You will find here some of our most common FAQ’s. If your question is not listed below, please do not hesitate to contact us. We will be more than glad to assist you!!
Costa Rica, for a small country, has a surprising number of micro-climates. In general, the peak dry season is in January, February, March and April, which are the hottest months. Rain starts in May until mid November. July and August are less rainy. December is cool, particularly in the evenings, and the second half, during the holidays, is a great time to travel.
Elevation determines the temperature which, at the beaches, can easily reach 92F. The capital San Jose is in the Central Valley, where most people live and where the climate is temperate year-round.
There are three convenient options: Use your own cellular phone (if your service provider supports roaming in Costa Rica), buy a local SIM card and load it with a specific amount of money (and use it with your phone), or rent a local phone.
Tourists who are citizens of the United States, Canada and most European countries need only to present a valid passport and evidence of intended departure from Costa Rica within 90 days. Upon entry, Immigration will stamp your passport with your approved length of stay.
There are no mandatory vaccines for travelers from the United States, but the US Center for Disease Control and Prevention(CD) recommends that travelers be up-to-date on routine vaccines (MMR, DPT, etc.) as well as hepatitis A, hepatitis B, and typhoid. We recommend that you check the CDC website well in advance of your departure.
Travelers coming from some African countries as well as Bolivia, Venezuela, Brazil, Peru, Columbia, Ecuador and Guyana must have a yellow fever vaccination certificate.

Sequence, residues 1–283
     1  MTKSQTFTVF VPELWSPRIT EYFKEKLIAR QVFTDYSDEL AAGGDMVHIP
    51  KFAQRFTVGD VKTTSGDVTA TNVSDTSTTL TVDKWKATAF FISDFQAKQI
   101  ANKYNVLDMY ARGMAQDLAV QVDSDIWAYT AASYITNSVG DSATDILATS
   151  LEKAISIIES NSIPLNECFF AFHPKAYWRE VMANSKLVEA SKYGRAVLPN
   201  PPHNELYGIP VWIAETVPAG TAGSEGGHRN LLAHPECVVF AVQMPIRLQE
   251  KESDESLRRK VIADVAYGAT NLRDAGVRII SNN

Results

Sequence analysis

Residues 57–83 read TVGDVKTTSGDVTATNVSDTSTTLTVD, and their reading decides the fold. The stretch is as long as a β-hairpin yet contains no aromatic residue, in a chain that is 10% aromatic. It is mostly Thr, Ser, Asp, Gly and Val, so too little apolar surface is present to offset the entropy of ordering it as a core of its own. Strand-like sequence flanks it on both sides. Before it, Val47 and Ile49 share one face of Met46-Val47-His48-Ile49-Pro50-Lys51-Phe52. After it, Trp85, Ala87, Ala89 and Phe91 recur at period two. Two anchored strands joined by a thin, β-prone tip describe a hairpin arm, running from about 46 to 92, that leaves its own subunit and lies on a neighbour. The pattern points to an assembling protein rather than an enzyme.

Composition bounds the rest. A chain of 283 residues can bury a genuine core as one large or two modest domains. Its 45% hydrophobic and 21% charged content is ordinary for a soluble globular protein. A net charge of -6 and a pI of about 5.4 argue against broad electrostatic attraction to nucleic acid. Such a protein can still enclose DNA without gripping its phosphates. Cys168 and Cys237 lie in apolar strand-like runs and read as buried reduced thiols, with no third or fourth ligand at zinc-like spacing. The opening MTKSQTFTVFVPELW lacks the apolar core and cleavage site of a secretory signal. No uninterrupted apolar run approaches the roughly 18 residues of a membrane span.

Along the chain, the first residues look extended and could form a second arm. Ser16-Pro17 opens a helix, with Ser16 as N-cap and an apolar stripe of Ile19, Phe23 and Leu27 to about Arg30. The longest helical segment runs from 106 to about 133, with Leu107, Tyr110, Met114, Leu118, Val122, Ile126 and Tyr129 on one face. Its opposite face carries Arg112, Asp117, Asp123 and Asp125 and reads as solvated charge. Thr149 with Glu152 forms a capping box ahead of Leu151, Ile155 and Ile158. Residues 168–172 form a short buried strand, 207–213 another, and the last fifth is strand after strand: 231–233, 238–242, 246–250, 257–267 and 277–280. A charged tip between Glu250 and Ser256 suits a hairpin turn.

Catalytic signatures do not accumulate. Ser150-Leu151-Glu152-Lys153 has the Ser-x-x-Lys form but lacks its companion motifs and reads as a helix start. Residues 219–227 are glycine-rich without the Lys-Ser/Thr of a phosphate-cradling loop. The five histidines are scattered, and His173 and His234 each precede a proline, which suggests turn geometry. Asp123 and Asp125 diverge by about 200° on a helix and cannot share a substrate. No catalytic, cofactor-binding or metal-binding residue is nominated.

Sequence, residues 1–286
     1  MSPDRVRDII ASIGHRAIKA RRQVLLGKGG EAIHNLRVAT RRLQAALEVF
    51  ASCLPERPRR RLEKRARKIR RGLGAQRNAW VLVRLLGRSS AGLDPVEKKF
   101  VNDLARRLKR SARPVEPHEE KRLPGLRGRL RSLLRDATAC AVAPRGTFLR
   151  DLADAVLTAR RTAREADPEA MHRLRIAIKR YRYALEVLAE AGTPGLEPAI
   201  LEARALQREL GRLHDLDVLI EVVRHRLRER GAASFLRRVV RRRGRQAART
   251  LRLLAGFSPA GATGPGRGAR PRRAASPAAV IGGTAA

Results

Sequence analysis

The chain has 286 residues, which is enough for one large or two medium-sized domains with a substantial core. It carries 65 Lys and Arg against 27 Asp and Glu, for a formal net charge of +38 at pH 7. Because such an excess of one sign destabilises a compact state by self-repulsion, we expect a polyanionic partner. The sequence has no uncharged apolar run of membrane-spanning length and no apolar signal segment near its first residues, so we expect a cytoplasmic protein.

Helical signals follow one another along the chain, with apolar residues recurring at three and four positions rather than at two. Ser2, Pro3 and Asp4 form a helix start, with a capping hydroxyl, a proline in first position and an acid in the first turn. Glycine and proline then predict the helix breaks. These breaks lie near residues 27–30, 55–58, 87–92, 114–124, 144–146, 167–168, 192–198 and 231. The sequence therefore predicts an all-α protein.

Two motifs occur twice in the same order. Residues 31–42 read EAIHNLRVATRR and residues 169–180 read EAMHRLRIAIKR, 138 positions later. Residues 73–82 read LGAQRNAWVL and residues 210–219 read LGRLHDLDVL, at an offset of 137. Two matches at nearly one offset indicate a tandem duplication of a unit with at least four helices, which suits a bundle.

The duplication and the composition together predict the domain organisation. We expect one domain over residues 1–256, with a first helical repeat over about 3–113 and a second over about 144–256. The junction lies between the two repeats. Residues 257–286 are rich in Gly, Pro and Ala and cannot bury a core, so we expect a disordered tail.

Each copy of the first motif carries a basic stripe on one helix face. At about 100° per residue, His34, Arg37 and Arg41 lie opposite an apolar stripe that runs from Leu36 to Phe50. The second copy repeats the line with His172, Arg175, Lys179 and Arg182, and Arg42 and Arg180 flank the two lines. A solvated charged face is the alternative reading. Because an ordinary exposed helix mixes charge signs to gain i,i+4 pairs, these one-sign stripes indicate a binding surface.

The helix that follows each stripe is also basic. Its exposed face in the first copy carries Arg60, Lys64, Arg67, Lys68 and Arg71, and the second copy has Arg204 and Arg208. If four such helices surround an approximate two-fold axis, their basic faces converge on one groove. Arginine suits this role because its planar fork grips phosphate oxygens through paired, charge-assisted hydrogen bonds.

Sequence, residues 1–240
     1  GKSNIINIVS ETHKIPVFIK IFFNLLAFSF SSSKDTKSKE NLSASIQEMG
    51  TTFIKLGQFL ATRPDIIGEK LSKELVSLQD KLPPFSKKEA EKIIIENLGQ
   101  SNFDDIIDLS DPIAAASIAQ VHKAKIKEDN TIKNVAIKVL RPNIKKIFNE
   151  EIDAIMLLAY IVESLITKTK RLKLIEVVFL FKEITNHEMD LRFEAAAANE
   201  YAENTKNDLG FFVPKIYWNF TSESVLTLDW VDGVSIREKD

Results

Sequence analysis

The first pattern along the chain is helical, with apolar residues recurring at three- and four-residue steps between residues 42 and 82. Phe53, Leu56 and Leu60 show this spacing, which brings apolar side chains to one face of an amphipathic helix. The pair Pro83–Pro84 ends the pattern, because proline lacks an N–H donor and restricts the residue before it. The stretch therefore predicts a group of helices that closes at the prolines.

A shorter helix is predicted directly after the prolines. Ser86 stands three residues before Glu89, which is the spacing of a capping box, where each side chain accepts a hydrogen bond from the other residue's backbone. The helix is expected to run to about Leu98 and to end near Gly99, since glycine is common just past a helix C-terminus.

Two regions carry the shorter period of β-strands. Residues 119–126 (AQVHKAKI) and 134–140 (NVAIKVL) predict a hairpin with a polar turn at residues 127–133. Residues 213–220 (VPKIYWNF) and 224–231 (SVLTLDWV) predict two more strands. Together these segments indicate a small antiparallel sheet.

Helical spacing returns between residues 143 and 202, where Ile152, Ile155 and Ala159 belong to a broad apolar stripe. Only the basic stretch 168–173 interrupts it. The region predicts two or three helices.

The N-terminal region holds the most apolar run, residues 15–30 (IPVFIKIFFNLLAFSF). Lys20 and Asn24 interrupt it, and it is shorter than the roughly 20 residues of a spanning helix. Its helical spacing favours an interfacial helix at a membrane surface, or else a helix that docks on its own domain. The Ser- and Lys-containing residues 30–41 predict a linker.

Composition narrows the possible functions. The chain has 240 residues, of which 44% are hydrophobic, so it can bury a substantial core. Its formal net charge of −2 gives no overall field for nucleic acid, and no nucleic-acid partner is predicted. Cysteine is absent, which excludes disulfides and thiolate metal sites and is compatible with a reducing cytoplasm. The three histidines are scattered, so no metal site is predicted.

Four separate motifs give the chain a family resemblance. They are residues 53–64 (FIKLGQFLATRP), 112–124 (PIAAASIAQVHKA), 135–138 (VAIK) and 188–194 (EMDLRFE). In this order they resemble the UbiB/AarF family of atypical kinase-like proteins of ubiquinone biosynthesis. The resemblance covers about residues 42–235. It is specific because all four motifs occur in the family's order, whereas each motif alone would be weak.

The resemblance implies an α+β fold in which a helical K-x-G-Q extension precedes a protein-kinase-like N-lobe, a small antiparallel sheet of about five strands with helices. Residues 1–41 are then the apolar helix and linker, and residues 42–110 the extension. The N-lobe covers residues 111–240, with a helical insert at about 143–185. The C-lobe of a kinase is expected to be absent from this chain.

In general, tipping is not customary in Costa Rica. However, in the tourism industry, tipping for professional services is common. It is considered polite to tip guides and drivers for performance and services rendered. While this is a personal decision, a tour guide may be tipped $2-$10, depending on the size of your group. Note that all restaurant bills include a mandatory 10% tip, and leaving extra is uncommon.
Major credit cards widely accepted in Costa Rica include: American Express, Diners Club, Visa, and MasterCard.
Costa Rica is one of the most popular destinations for gay travel in Latin America. Many tourism destinations are gay-friendly, but you should keep in mind that Costa Rica is a Catholic country, and attitudes about sexuality vary widely. By far, Costa Rica’s two most gay-friendly locations are San Jose and Manuel Antonio.
Costa Rica has a reputation for safe travel, and women traveling alone rarely encounter problems. However, please keep in mind that “machismo” is a key element of Latin American culture, so you may be exposed to catcalls and whistling.
If you’re in the mood for clubbing, doors usually open between 8:00 pm and close by 3:00 am, but you should probably not get there before 8:00.pm. After hours you will find several small pubs where you can continue partying until the sun comes up.
San José has most of Costa Rica’s gay bars and saunas and is definitely the center of the gay scene. If you’re looking to go dancing or visit a bathhouse, this is where it’s at!
Many locals (Costa Ricans or “Ticos”) will come into San José for the nightlife. You may find that some places (especially the bathhouses) are busier earlier than you would suppose, since people go from work.
Here some cool places for you:
San José – Club Oh: Considered the top club in town and draws a well-dressed, upscale crowd. The club has special events, many shows on Saturdays, and talent contests on Friday nights.
San José – La Avispa: Two dance floors, fun Latin music and ambiance. Includes a big screen TV, restaurant and pool tables. Large gay crowd on Tuesday and Sunday nights. Ladies’ night twice a month for lesbians, and men are not allowed in the place on those nights.
San Jose – El Bochinche: An upscale drinking bar very popular among the professional Ticos for a night of dressing up and flirting.